The speech was that impressive. I clapped at that line, but I may have been the only person in the world to have done that.


The theme of his speech was clear: maturity. Often, I'm reminded of the fact that when the Clinton's cleared out in 2001, the Bushies warned the planet that "the adults were in charge now."


A boast from a fraternity house full of boastful adolescents. Sigma Fucka Duck.


Obama didn't boast about wresting the country from immaturity and leading them to maturity. He spoke honestly to us. If you wonder why there were so few applause breaks, this may be the linchpin: we had never been talked to this honestly and openly since Harry Truman. Even Jimmy Carter couldn't pull it off this well.


He spoke of service and duty to our nation, much as JFK did a generation before. He spoke of sacrifice for the good of others. He spoke at length about the troubles facing us, not in a tragic, dramatic way, but in a realistic and honest way. He spoke to us, not down to us. He treated us like adults. He presumed there was a basic comprehension not of what has happened, but that the future is uncertain.


He led, in short. Contrast that with the speech Bush gave after 9/11:


And I pray they [ed. note: the children] will be comforted by a Power greater than any of us, spoken through the ages in Psalm 23:


Even though I walk through the valley of the shadow of death, I fear no evil for you are with me.


All fine and dandy to invoke the Deity. To be sure, Obama did it often enough in his speech yesterday, but to leave the fate of the nation into the hands of a God whose ultimate goal is by definition unknowable is not leading.


It's taking the easy way out. Compare Obama's passage on terrorists:


"And for those who seek to advance their aims by inducing terror and slaughtering innocents, we say to you now that, 'Our spirit is stronger and cannot be broken. You cannot outlast us, and we will defeat you.' "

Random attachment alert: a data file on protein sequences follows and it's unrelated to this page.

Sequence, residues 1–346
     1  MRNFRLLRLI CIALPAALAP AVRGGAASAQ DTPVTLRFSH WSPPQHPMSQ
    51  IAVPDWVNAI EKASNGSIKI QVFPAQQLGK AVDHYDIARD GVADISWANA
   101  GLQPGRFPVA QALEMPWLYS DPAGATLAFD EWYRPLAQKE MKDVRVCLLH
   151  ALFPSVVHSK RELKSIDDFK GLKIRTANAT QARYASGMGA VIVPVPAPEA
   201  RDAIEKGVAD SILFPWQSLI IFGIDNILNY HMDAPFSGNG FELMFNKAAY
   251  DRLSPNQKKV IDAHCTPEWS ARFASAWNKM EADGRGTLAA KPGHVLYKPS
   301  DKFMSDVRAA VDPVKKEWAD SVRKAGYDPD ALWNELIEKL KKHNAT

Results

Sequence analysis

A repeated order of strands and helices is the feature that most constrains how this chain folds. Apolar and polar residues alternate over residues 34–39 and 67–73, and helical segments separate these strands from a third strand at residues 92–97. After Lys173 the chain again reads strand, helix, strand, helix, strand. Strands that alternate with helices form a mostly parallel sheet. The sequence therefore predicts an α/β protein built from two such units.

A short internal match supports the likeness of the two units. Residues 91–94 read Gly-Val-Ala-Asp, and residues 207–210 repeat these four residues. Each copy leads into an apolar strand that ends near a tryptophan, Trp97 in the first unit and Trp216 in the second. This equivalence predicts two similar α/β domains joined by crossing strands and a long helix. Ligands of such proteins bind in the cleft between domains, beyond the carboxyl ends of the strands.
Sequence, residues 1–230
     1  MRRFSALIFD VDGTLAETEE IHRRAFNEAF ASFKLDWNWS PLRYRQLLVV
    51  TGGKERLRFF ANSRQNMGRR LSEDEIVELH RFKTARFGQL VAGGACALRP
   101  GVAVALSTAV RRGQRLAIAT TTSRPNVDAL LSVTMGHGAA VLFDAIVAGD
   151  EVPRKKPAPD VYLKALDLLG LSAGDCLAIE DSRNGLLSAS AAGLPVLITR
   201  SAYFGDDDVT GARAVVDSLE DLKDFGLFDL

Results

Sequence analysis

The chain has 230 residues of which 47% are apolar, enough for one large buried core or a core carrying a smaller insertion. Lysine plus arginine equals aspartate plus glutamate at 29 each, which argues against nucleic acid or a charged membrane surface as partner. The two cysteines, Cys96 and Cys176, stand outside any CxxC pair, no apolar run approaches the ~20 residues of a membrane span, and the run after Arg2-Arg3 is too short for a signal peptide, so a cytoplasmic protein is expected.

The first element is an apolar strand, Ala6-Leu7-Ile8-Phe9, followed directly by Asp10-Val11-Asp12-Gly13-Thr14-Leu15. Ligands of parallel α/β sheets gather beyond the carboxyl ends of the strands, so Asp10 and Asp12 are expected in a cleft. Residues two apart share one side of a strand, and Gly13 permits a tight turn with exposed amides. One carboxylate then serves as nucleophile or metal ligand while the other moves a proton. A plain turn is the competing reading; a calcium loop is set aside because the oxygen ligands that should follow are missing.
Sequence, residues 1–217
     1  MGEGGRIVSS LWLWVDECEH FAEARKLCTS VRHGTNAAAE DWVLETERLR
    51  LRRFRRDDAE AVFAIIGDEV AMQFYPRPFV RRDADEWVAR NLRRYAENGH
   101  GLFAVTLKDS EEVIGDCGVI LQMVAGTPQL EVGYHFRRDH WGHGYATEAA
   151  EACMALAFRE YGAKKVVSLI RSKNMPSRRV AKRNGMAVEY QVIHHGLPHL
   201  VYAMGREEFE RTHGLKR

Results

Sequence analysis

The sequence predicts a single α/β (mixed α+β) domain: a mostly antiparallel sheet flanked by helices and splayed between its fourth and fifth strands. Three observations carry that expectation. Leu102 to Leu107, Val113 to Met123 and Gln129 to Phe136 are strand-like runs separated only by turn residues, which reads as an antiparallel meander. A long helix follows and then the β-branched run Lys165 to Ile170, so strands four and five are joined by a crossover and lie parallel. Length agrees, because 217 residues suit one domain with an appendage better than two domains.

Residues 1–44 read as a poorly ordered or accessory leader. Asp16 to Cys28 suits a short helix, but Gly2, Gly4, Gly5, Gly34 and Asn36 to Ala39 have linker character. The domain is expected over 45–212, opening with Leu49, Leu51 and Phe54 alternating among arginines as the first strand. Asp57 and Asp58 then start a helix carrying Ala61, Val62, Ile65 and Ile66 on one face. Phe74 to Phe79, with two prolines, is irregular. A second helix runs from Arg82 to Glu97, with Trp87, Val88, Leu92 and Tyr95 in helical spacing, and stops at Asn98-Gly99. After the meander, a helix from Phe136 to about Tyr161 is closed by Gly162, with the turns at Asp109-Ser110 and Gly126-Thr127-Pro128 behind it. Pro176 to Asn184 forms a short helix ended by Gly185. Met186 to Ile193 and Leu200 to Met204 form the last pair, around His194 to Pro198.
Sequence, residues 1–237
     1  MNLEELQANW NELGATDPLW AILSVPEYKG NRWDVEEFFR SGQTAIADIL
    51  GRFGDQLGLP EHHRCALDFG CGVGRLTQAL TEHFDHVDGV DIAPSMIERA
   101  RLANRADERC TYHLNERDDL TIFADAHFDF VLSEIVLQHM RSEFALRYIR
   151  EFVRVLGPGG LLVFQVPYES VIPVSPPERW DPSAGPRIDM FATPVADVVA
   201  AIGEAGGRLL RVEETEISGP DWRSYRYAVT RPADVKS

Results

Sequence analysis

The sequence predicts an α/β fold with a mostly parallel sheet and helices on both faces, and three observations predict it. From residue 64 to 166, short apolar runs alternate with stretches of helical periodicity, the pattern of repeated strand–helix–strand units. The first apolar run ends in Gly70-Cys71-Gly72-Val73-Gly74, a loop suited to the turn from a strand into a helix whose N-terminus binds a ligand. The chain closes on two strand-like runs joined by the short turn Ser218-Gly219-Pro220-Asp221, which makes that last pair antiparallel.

…with Bush's:


"The pictures of airplanes flying into buildings, fires burning, huge -- huge structures collapsing have filled us with disbelief, terrible sadness, and a quiet, unyielding anger. These acts of mass murder were intended to frighten our nation into chaos and retreat. But they have failed. Our country is strong."


If you had given these passages to me blind, I would have guessed Obama's was Bush, the strong, single-minded obsessed steely eyed defender of America and Bush's was Obama's, the supposedly weak-kneed liberal pansy, all touchy-feely. Obama simply said that when the dust clears, Al Qaeda will not exist, but we will. He didn't need to scare anyone, or make them feel more uncertain than they already were.


Indeed, his entire speech yesterday sounded to me like a point by point repudiation of the Bush administration: the "patchwork heritage" of our diverse society, open hand not closed fist, chiding the indifference to suffering (an indirect reference to the poor trapped by Katrina, I thought, but very carefully couched), but especially piercing was the "return to the values" passage. Fair play, courage, honesty.


During the primary, one criticism I had of Obama was that actions speak louder than words, and I still hold to that.


But I gotta tell you, these were some loud words!

Tuesday, January 20, 2009

One Thought On Obama's Inauguration


So The Days Float Thru My Eyes

 I find myself in agreement with Christopher Hitchens of Thank you, President George W Bush. Thank you for your eight years of service to this great and proud nation.
Now, before you choke on your cornflakes, let's take a look back at the past eight years and understand, truly, the great thing this man did for our nation.
Having his father's cronies steal an election in 2000 by manipulating first the Florida vote count and then the Supreme Court of the United States, he took office as the first President in nearly 150 years to lose the plurality of votes in an election, but win the electoral college. This reminded us how fragile our freedoms are, and how short-sighted the Founding Fathers could be, by making a wholly unpopulated state like Wyoming or North Dakota have an outsized voice in the direction of this nation.